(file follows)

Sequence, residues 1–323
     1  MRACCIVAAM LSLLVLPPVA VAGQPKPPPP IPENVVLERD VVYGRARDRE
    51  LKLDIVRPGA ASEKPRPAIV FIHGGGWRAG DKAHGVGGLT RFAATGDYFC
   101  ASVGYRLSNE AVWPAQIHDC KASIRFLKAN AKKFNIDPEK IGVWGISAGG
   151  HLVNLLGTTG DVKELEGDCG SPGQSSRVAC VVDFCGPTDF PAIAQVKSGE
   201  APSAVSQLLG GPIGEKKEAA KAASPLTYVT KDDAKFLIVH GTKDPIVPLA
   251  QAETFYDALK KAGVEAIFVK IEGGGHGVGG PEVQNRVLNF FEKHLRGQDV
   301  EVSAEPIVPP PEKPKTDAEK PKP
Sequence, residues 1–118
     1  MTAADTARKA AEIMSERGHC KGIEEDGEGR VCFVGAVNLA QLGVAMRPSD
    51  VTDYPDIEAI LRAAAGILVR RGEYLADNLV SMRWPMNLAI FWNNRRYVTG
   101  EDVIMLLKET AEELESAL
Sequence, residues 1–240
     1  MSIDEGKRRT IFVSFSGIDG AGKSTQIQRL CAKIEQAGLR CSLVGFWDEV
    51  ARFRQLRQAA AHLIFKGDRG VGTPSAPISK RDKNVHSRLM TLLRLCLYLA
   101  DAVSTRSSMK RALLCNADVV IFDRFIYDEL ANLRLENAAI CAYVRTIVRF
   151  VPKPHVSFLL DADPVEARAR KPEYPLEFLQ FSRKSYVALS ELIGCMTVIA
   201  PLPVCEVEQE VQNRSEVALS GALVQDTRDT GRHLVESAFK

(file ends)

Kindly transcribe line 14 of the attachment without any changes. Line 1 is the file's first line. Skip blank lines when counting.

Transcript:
     1  MSIDEGKRRT IFVSFSGIDG AGKSTQIQRL CAKIEQAGLR CSLVGFWDEV